Multiagent Coordination Optimization (MCO) algorithms are inspired by swarm intelligence and consensus protocols for multiagent coordination in [21, 22, 23, 24]. Unlike the standard PSO, this new algorithm is a new optimization technique based not only on swarm intelligence [13] which simulates the bioinspired behavior, but also on cooperative control of autonomous agents. Similar to PSO, the MCO algorithm starts with a set of random solutions for agents which can communicate with each other. The agents then move through the solution space based on the evaluation of their cost functional and neighbortoneighbor rules like multiagent consensus protocols [21, 22, 24, 23, 25, 26]. By adding a distributed control term and gradientbased adaptation, we hope that the convergence speed of MCO can be accelerated and the convergence time of MCO can be improved compared with the existing techniques. Moreover, this new algorithm will be more suitable to distributed and parallel computation for solving largescale physical network optimization problems by means of high performance computing facilities.
In this report, we first implement MCO in a parallel computing way by introducing MATLAB^{®} builtin function into MCO. Then we rigorously analyze the global convergence of MCO by means of semistability theory [21, 27]. Besides sharing global optimal solutions with the PSO algorithm, the MCO algorithm incorporates cooperative swarm behavior of multiple agents into the update formula by sharing velocity and position information between neighbors to improve its performance. Numerical evaluation of the parallel MCO algorithm is provided by running the proposed algorithm on supercomputers in the High Performance Computing Center at Texas Tech University. In particular, the optimal solution and consuming time are compared with PSO and serial MCO by solving several benchmark functions in the literature, respectively. Based on the simulation results, the performance of the parallel MCO is not only superb compared with PSO by solving many nonlinear, nonconvex optimization problems, but also is of high efficiency by saving the computational time.
This report is organized as follows. In Section II, some notions and notation in graph theory are introduced. In Section III the realization of the parallel MCO algorithm in the MATLAB environment is described in details. The convergence results are developed in Section IV. The numerical evaluation of the parallel MCO algorithm is then presented in Section V. Finally, Section VI concludes the report.
Ii Mathematical Preliminaries
Graph theory is a powerful tool to investigate the topological change of largescale network systems. In this report, we use graphrelated notation to describe our network topology based MCO algorithm. More specifically, let denote a nodefixed dynamic directed graph (or nodefixed dynamic digraph) with the set of vertices and represent the set of edges, where . The timevarying matrix with nonnegative adjacency elements serves as the weighted adjacency matrix. The node index of is denoted as a finite index set . An edge of is denoted by and the adjacency elements associated with the edges are positive. We assume and for all . The set of neighbors of the node is denoted by , where denotes the cardinality of . The degree matrix of a nodefixed dynamic digraph is defined as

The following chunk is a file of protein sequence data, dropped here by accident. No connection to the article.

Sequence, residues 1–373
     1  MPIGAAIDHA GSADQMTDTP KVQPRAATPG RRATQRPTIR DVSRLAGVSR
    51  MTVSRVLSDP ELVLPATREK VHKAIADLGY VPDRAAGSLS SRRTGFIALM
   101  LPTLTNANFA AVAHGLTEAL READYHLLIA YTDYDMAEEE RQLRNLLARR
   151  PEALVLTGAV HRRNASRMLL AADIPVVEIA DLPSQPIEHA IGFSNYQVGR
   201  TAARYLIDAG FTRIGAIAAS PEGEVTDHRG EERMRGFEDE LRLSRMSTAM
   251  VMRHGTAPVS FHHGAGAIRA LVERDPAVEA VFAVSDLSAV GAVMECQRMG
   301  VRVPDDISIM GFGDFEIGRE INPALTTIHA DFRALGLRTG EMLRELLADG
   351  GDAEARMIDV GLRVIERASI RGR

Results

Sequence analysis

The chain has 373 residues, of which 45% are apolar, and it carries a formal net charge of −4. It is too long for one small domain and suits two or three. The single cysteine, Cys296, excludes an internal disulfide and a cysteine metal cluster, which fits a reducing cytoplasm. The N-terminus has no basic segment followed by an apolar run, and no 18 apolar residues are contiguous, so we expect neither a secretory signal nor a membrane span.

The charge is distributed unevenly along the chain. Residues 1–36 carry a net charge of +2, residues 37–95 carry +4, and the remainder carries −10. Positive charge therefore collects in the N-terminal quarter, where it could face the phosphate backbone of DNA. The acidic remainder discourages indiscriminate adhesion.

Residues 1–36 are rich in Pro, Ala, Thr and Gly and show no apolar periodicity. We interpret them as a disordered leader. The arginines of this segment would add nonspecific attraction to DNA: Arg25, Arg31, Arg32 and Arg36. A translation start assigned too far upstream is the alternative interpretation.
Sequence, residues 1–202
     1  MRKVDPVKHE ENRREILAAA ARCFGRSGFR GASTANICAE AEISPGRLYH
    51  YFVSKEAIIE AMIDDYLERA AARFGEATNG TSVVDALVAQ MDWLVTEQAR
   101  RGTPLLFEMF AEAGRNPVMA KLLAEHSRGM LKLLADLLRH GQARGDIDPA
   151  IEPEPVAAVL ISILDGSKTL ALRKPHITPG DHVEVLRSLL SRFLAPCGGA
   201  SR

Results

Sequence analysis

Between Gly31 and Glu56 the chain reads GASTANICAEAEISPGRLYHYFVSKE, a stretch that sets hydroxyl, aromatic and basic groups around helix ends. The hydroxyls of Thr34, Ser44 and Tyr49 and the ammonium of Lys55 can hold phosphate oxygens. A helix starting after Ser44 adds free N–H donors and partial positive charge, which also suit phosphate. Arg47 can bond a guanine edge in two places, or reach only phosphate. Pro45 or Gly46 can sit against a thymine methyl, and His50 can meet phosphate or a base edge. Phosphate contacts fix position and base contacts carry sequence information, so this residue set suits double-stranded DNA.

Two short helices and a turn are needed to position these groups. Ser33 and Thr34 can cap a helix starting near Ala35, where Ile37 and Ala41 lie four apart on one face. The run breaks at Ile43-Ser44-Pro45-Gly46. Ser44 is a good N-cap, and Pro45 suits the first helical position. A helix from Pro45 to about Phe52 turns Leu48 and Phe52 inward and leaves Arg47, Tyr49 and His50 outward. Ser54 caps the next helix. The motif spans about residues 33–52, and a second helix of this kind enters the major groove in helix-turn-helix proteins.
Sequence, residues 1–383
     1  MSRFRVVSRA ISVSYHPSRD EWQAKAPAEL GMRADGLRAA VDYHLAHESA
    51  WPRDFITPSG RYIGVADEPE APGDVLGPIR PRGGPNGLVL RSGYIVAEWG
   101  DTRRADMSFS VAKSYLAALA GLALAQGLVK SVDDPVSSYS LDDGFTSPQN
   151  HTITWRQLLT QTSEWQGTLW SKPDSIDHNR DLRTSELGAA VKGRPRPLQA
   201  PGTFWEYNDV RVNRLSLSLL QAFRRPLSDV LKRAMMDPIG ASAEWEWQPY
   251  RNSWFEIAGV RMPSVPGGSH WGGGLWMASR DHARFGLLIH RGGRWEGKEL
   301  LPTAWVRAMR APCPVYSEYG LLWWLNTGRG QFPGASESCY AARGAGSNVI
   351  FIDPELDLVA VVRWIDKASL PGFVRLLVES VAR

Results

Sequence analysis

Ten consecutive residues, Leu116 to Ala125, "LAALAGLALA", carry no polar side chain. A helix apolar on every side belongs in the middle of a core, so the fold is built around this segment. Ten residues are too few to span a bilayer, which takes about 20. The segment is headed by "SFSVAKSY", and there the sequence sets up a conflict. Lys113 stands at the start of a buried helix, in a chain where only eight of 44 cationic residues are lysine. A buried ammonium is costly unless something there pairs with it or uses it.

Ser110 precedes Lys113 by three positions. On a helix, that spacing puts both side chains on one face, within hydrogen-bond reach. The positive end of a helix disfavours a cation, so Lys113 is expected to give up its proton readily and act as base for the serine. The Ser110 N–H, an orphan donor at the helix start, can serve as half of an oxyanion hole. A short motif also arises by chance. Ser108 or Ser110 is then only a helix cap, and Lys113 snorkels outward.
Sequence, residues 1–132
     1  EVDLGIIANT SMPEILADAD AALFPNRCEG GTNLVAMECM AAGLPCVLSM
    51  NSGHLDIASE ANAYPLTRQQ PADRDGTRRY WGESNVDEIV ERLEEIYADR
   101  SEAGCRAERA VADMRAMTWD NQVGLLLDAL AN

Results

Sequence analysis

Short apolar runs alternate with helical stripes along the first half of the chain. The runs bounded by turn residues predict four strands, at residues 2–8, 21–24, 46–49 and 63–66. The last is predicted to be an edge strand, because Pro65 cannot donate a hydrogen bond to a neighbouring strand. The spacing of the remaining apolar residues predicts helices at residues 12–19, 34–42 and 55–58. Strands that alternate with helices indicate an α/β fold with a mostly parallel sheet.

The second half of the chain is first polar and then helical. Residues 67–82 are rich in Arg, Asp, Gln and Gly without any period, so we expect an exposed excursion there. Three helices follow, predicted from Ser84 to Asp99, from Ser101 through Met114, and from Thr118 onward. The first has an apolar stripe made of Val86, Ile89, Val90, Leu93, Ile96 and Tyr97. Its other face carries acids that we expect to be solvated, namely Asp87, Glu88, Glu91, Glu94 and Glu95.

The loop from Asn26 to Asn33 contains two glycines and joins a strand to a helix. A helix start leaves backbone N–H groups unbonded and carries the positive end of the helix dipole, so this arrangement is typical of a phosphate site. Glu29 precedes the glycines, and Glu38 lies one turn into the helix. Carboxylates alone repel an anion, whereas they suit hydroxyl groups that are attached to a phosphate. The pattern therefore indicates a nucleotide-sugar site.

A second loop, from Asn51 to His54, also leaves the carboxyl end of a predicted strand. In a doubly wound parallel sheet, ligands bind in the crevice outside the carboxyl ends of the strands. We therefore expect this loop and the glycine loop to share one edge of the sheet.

(1) 
where
The Laplacian matrix of the nodefixed dynamic digraph is defined by
(2) 
If , then is called a nodefixed dynamic undirected graph (or simply nodefixed dynamic graph). If there is a path from any node to any other node in a nodefixed dynamic digraph, then we call the dynamic digraph strongly connected. Analogously, if there is a path from any node to any other node in a nodefixed dynamic graph, then we call the dynamic graph connected. From now on we use short notations to denote , respectively. The following result due to Proposition 1 of [28]
is a property about the eigenvalue distribution of a Laplacian matrix.
Lemma II.1 ([28])
Consider the Laplacian matrix for a nodefixed dynamic digraph or graph with the index set , . Let , where denotes the spectrum of . Then for every ,
(3) 
where denotes the argument of , where denotes the set of complex numbers.
A direct consequence from Lemma II.1 is that , where denotes the real part of . Moreover, if is an undirected graph, then is real and .
Iii Parallel Multiagent Coordination Optimization Algorithm
Iiia Multiagent Coordination Optimization with NodeFixed Dynamic Graph Topology
The MCO algorithm with static graph topology, proposed in [29] to solve a given optimization problem , can be described in a vector form as follows:
(4)  
(5)  
(6)